Anti Trust Laws

Antitrust is predominantly an American term referring to laws regulating the abuse of monopoly power.

Monopolies have various disadvantages for society and consumers. In particular:

  1. Higher prices
  2. Less choice
  3. Less incentives to cut costs and develop new products
  4. Monopsony buying power and employment of labour

Antitrust laws came into effect in the nineteenth century due to the market power exercised by powerful rail companies.

Recent examples of antitrust laws include the investigation of Microsoft. This shows that anti trust laws are not without controversy. Originally, the courts argued Microsoft should be broken up. But, on appeal Microsoft was allowed to continue as one company.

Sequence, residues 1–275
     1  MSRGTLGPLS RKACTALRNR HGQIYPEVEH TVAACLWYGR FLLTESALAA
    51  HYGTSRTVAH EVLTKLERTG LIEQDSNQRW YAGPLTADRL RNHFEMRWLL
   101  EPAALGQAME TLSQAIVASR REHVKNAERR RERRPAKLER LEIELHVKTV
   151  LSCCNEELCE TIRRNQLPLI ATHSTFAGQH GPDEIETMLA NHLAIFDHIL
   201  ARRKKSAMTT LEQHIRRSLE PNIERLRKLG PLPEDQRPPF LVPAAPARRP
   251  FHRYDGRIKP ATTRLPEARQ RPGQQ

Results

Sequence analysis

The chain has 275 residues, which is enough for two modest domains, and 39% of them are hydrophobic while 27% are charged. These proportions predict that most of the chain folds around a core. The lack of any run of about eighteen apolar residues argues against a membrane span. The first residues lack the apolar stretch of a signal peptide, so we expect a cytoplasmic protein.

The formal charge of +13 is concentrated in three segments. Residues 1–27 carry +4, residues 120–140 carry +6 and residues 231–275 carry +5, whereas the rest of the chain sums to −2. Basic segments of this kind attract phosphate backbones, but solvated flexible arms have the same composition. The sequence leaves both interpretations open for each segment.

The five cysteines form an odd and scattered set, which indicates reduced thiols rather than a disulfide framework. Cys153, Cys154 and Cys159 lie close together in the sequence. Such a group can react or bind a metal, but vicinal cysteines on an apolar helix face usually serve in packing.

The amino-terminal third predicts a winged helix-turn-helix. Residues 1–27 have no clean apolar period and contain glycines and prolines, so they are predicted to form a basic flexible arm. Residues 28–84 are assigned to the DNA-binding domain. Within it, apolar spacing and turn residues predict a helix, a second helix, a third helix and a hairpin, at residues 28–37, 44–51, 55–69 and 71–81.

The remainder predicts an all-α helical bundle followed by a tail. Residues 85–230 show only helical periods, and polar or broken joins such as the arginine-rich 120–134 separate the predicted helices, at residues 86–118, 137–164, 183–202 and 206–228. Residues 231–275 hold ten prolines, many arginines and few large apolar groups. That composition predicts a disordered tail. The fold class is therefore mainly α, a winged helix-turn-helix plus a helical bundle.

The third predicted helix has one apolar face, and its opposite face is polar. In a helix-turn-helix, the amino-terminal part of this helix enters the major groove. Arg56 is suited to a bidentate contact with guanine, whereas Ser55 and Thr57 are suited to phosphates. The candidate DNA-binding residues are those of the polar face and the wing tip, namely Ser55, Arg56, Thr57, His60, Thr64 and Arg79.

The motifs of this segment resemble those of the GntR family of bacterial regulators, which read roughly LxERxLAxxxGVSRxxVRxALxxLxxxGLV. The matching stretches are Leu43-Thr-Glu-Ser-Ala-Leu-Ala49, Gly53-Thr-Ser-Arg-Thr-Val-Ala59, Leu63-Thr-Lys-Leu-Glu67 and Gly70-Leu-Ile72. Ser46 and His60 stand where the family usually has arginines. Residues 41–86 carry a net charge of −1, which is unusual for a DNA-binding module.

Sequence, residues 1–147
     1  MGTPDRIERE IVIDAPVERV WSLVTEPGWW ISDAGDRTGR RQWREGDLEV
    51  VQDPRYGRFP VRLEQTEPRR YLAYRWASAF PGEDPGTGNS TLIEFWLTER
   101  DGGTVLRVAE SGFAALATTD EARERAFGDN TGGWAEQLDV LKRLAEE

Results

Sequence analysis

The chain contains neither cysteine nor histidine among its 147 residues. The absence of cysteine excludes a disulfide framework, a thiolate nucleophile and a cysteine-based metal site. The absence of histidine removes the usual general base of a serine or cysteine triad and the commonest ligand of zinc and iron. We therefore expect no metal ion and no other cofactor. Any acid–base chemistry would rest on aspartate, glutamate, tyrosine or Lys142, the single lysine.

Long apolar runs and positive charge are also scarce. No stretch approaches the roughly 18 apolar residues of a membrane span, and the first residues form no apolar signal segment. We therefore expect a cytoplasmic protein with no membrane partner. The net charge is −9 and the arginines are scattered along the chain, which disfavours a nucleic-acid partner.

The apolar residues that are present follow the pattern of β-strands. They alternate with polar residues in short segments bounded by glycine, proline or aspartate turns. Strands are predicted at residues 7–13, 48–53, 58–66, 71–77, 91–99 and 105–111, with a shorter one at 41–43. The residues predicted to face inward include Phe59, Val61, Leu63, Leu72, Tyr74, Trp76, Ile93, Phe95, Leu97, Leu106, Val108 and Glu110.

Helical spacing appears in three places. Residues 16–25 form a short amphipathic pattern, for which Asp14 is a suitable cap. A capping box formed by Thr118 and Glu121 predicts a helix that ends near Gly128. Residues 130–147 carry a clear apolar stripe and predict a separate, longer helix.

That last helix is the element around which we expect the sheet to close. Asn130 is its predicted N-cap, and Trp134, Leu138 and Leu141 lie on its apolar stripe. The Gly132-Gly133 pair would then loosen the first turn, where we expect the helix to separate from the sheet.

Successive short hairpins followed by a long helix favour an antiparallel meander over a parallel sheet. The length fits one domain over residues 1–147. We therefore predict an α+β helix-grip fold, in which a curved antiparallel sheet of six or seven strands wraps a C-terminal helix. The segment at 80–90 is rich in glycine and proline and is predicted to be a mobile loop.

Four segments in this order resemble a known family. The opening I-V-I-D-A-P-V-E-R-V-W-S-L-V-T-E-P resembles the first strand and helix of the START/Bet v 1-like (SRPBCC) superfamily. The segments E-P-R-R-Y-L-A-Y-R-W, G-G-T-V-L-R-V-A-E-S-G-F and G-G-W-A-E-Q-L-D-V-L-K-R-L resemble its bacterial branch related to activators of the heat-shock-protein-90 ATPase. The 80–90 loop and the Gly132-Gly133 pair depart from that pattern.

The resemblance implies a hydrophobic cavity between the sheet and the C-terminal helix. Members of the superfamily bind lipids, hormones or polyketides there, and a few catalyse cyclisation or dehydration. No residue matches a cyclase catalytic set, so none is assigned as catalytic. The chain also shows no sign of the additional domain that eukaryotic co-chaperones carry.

It is argued that monopolies can have various benefits and therefore breaking them up may be undesirable. In particular monopolies can:

  1. Benefit from economies of scale.
  2. Spend supernormal profit on research and development.
  3. Firms may become monopolies because they are successful, e.g. Google and Apple.

Anti trust laws include

  1. Breaking up a monopoly
  2. Fining firms who collude and form a cartel
  3. Fines or imprisonment for directors who get involved in illegal activities such as collusion and cartels.

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